Canada considering sanctions against Saudis over murder of journalist Jamal Khashoggi

Canada is "actively considering" deploying Magnitsky Act sanctions over the murder of journalist Jamal Khashoggi, Foreign Affairs Minister Chrystia Freeland said today.

'Canada welcomes the U.S. action' - Chrystia Freeland

In this Jan. 29, 2011 file photo, Saudi journalist Jamal Khashoggi speaks on his cellphone at the World Economic Forum in Davos, Switzerland. (Virginia Mayo/The Associated Press)

Canada is "actively considering" deploying Magnitsky Act sanctions over the murder of journalist Jamal Khashoggi, Foreign Affairs Minister Chrystia Freeland said today.

"We are very aware of the U.S. sanctions on certain Saudi individuals and we have been in close contact with the U.S. about those Magnitsky sanctions," said Freeland, in Port Colborne, Ontario this afternoon for a media availability to discuss the new USMCA trade deal.

"Canada welcomes the U.S. action. When it comes to Canada, we also do have Magnitsky legislation in place and that is a tool that we have found very useful in our foreign policy. And that is certainly something which in the coming days Canada is actively considering."

Foreign Affairs Minister Chrystia Freeland says the Canadian government is "actively considering" using a new law designed to target corrupt Russian officials to lay sanctions on Saudi officials involved in the killing of Jamal Khashoggi. 0:53

The U.S. Treasury announced Magnitsky Act sanctions on 17 Saudi officials today in respose to their role in Khashoggi's murder. It's the first policy response by the administration of U.S. President Donald Trump to the journalist's death. Saudi Arabia is a key American ally in the Middle East.

Khashoggi vanished on Oct. 2 after entering the Saudi consulate in Istanbul to obtain paperwork he needed to marry his Turkish fiancée. Five days later, Turkish officials alleged that he had been tortured, killed and dismembered at the diplomatic outpost.

The Saudi government initially denied any involvement in Khashoggi's disappearance, but eventually admitted he had died at the consulate.

Today, just hours before the U.S. Magnitsky sanctions were announced, Saudi Arabia's public prosecutor said the death penalty was being sought for five out of 11 suspects charged in Khashoggi's murder.

A spokesman for Saudi Arabia's public prosecutor office again insisted that Saudi Crown Prince Mohammed bin Salman knew nothing of the operation, in which Khashoggi's body was dismembered, removed from the building and handed over to an unidentified "local cooperator."​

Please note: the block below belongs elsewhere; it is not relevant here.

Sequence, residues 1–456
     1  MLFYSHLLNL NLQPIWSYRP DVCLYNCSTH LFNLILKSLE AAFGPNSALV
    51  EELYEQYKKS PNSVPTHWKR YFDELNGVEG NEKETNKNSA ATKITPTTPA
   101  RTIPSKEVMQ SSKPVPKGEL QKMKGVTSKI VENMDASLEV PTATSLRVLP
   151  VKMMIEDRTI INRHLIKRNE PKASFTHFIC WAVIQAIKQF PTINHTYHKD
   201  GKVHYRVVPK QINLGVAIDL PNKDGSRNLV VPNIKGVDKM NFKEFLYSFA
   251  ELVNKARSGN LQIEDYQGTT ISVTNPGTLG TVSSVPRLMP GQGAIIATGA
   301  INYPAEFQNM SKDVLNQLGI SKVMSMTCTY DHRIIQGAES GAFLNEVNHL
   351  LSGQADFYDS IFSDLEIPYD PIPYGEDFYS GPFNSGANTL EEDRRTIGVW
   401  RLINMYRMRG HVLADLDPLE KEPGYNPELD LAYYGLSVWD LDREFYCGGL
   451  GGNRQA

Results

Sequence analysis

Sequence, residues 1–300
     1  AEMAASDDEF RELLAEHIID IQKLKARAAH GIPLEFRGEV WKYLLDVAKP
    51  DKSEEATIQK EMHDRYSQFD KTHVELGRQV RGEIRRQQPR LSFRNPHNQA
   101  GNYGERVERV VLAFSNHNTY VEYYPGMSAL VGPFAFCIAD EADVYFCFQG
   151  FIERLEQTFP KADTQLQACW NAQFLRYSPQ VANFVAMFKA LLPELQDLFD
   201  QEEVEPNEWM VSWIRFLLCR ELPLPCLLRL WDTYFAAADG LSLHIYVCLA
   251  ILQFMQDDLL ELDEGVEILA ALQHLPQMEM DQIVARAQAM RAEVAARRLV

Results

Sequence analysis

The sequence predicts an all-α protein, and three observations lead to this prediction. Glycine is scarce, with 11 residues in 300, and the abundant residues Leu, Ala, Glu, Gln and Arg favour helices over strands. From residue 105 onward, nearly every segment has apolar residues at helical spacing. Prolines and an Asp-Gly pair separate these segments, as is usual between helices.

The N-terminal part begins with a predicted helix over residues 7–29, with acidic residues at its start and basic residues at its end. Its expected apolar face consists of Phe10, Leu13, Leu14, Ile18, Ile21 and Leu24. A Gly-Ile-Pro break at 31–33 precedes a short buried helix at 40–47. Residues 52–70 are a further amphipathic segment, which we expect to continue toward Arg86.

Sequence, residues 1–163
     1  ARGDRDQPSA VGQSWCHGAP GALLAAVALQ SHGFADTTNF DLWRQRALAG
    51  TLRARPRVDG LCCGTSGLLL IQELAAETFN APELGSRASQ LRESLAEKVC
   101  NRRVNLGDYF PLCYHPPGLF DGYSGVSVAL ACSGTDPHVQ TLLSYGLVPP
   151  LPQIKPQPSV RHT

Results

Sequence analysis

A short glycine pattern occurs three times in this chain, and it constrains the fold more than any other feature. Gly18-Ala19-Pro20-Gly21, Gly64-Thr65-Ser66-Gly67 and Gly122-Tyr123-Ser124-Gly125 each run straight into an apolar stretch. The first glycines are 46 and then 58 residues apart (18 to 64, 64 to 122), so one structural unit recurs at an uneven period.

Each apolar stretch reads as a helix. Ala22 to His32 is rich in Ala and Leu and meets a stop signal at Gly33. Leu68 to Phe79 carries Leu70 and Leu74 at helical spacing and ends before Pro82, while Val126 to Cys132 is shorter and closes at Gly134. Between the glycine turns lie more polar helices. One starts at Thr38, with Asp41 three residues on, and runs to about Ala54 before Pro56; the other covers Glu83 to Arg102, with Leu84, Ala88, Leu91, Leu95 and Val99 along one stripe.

The Conservative Opposition is urging the Trudeau government to match Washington's move on Magnitsky sanctions.

"Justin Trudeau has the power to do the same under the Magnitsky Law that was introduced by the Conservatives. The Liberal government should move on this immediately alongside our allies," says a media release from foreign affairs critic Erin O'Toole and defence critic James Bezan.
 
"As a global leader on human rights, we have a duty to act swiftly to condemn barbaric acts against journalists, human rights activists and dissidents."

Khashoggi, once a Saudi royal family insider, grew critical of the kingdom's rulers following their crackdown on opposition, their war on neighbouring Yemen and the severing of Saudi ties with the small Gulf state of Qatar.

The United States' Magnitsky Act was passed in 2012 under President Barack Obama. It's named for Russian lawyer Sergei Magnitsky, who died in a Moscow prison after he was arrested over an alleged tax fraud. The law allows the U.S. government to sanction human rights offenders abroad, seize their assets and ban them from entering the United States.

Canada's own version of the Magnitsky Act was passed last yearWhile Canada has always had discretionary powers to sanction any government it sees fit, the Magnitsky Act goes further, giving the government powers to freeze assets owned by individuals if the government believes them to be involved in corruption, money laundering and human rights abuses in their own countries.

The federal government has used the act already to on impose sanctions on 52 officials from three countries: Venezuela, South Sudan and Russia.